Thanks for the input! I agree more time is best! Unfortunately weather was not with me here in Texas these past few days. I am also currently working on getting Astro Photography Tool to control my mount so it can run the imaging session automatically, through a meridian flip and all.

 

Hopefully when I figure out whats wrong with the modded camera/ or I get a new camera (more than likely a dedicated astronomy camera) I will be more motivated to stay up longer!



#7 F.Meiresonne

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Posted 26 September 2020 - 03:53 AM

Not bad  at all! I think i need some more integration time but i took about 90 minuts and it came out pretty descent also with an umodded T7i/800d, and a 76 mm scope, no filtering.



#8 F.Meiresonne

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Posted 26 September 2020 - 03:55 AM

 

 

Adding a filter will further reduce the signal. So you probably need more.

 

Cheers,

 

BQ

I did not know that, So adding a filter will increase exposure time? Actually i was hoping to get less stars but more nebulae ...with a filter.

 

I have a couple of filters on loan from a deeps sky buddy. I was thinking of trying an UHC-E filter to test on the Pacman...this is if strom Odette will have passed by, weather is terrible now).


Edited by F.Meiresonne, 26 September 2020 - 03:56 AM.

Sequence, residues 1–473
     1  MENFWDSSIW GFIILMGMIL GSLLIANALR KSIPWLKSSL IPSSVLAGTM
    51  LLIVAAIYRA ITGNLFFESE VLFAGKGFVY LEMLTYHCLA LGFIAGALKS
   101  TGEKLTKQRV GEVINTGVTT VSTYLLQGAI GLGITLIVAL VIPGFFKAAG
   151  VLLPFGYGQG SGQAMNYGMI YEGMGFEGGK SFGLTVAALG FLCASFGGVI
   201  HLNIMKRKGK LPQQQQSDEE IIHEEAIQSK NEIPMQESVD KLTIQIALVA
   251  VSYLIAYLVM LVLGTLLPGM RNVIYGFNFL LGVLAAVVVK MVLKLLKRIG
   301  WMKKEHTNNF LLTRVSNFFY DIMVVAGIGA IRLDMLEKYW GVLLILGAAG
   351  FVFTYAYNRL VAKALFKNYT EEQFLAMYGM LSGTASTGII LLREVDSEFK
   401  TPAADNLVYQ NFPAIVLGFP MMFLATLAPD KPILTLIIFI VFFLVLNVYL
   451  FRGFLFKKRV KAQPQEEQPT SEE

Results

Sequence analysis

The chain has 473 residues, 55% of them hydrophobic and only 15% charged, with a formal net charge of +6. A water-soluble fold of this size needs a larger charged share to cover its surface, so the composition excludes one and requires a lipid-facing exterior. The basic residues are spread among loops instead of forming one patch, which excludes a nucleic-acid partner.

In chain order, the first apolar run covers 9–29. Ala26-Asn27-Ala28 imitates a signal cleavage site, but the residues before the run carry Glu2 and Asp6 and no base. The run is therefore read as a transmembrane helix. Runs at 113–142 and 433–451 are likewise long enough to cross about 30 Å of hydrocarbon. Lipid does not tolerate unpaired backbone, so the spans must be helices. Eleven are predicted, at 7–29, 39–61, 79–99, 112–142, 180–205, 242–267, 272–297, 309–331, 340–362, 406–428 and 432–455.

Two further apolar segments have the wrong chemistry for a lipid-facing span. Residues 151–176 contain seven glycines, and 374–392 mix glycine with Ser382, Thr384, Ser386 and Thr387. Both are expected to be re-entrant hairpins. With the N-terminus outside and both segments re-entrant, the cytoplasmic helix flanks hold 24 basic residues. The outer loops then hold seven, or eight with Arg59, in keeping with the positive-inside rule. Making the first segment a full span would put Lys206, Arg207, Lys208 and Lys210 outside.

#9 BQ Octantis

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Posted 26 September 2020 - 08:49 AM

I did not know that, So adding a filter will increase exposure time? Actually i was hoping to get less stars but more nebulae ...with a filter.

 

I have a couple of filters on loan from a deeps sky buddy. I was thinking of trying an UHC-E filter to test on the Pacman...this is if strom Odette will have passed by, weather is terrible now).

Of course. Putting something (instead of nothing) in the optical train will absorb energy by design. Each filter should have a transmittance curve to understand by how much per channel.

 

BQ



#10 F.Meiresonne

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Posted 26 September 2020 - 10:11 AM

Still have some difficulty to understand.

 

Using an OIII filter eg on the veil makes it more visible. Heck once i could even see it (visually) in a 6 " newt. Without that filter no trace att all..